These seem to be some of the push button policy issues facing educators, often promoted by pseudo educators looking to gain control of the public schools (for fun and profit.) Here are some selections and links for you to explore if you want to get a better sense of the debate.
The Offal Truth
On the recent Rotherham piece in the NY Times - look for a guest column at ednotes tomorrow. Meanwhile, Susan Ohanian came up with this comment:
Rich Gibson provides a valuable commentary on education offal offered up by the NY Times.
Teacher Quality Rears It's Ugly Head
I don't agree with the stress on "teacher quality" because there's no clear way to measure that factor. Some use SAT scores or how high in their class they finish or test scores of their kids or how nice they dress or just plain voodoo. Teacher quality is often reflected as a snapshot at a certain time, a certain day, a certain year, a certain class, a certain child in the class (have you seen how teacher quality improves when that one kid who has been tormenting you and the other kids moves?)
Sean Corcoran, guest blogging at Eduwonkette, seems to be on board with the TQ issue and sees higher pay as a way to attract higher quality teachers. It seems to make sense but I don't necessarily agree here too. We often see this point made by NYC Educator who often attributes the quality of his daughter's suburban education to paying teachers a high salary. Again I disagree. Offer those same teachers a 25% raise to go to one of the 10 most difficult schools in NYC to teach at and let's see how they do.
Seean Corcoran wrote on March 6
A large and growing body of research has demonstrated that teacher quality is one of the most (if not the most) important resources schools contribute to the academic success of their students. At the same time, the average quality of teachers has steadily fallen over time, and an increasingly smaller fraction of the most cognitively skilled graduates are choosing to teach (for more on this see here).
Vanderhoek believes that significantly higher salaries will bring these top graduates back to the classroom, and he may be right. Economists have linked this steady decline in teacher quality since 1960 to the rise in career opportunities for women and the sizable gap between teacher salaries and those of other professionals.
Read the full piece with all the interesting comments here.
Diane Ravitch on corporate models for schools
Diane Ravitch to Deborah Meier on their Edweek blog:
Who controls our schools? Should the schools adopt a model of operations based on "results" (test scores) and "incentives" (paying teachers, students, and principals for higher test scores)? Are test scores the "profits" of the school system? Who are the stockholders?Full story here.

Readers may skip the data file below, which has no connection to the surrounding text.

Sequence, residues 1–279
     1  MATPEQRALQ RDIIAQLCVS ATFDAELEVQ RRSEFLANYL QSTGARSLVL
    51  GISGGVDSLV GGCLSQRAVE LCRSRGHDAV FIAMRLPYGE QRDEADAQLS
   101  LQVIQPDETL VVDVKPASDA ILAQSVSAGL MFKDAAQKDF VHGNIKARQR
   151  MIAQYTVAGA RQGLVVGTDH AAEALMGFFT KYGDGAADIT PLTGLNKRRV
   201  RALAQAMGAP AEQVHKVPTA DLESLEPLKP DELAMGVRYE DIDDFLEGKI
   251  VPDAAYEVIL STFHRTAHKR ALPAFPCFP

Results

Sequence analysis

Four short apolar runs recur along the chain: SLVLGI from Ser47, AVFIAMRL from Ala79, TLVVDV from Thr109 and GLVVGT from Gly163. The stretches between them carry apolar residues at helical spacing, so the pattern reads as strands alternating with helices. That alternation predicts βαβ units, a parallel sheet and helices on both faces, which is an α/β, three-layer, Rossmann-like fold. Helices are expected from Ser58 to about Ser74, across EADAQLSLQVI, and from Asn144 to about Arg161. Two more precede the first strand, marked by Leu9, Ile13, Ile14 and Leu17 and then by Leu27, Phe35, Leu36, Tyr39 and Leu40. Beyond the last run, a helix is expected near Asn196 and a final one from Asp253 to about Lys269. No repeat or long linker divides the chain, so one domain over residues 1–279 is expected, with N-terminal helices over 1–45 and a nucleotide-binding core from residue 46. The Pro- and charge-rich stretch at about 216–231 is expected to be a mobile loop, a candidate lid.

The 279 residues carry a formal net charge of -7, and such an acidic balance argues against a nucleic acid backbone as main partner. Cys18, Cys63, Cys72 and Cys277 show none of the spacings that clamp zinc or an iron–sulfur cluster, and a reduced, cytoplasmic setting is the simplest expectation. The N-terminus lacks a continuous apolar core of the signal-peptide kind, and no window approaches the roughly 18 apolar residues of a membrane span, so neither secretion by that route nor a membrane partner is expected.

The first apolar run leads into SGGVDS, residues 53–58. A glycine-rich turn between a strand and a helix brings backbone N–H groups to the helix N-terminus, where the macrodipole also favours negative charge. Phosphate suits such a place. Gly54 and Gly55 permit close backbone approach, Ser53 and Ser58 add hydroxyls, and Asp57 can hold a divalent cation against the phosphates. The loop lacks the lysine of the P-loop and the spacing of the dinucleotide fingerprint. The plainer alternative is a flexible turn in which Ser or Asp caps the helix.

Ravitch references Eduwonkette's exploration of whether pay for performance creates success in the corporate world (can you spell E-N-R-O-N?)
Pay for Performance in the Corporate World
We often hear that education needs to operate more like the private sector. But few corporations tie their employee bonuses to quantifiable output in the same way that some performance pay plans tie teacher pay to scores. (See How Does Performance Pay Work in Other Sectors?)
For those who believe that corporate employees rise and fall based on the fates of their companies, here's a story ripped from the headlines: Washington Mutual is shielding executive performance pay from the housing crisis fallout. From the Wall Street Journal article:Read the full post here.
Eduwonkette references Richard Rothstein's paper:
Holding Accountability to Account: How Scholarship and Experience in Other Fields Inform Exploration of Performance Incentives in Education
Download a pdf of Rothstein's piece here.
Diane Ravitch on the History of Public School Governance in NYC
Download Diane's pdf here.
The mayoral control issue is going hot and here in NYC, with most critics still lining up for a continuance with checks. Ed Notes and ICE are moving more towards a very localized system for at least elementary and middle schools with real control residing in the hands of teachers and parents at the school level. We know this is pie in the sky but we think the ideas should be out there for the next time the system they install in 2009 fails and they have to come up with something else. I'm all ready for the battles in 2017.
The Worst Book of the 21st Century - a review
Susan Ohanian Notes:Gary Stager offers a must read commentary on pop business book authors who claim to offer insight into learning.
Read Gary's (who as a young 'un was in the local LOGO Users group here in NYC back in the 80's) at Susan's place here.
by Gary Stager
New notes to accompany my review...
As I attend my second conference in as many weeks where the keynote speaker is Daniel Pink, I feel duty bound to share some of my thoughts on why his popular pop-business book, "A Whole New Mind," may be the worst book of the 21st Century.
The book certainly contains little if anything to offer school leaders.
Recently, a lot of edubloggers were excited about a magazine discussion between Tom Friedman and Daniel Pink. Their performance was self-congratulatory, self-serving and intended to sell more of their respective books. Their cross-promotional exercise was brilliantly executed my two masterful self-promoters.
Happy Reading - if you have the stomach!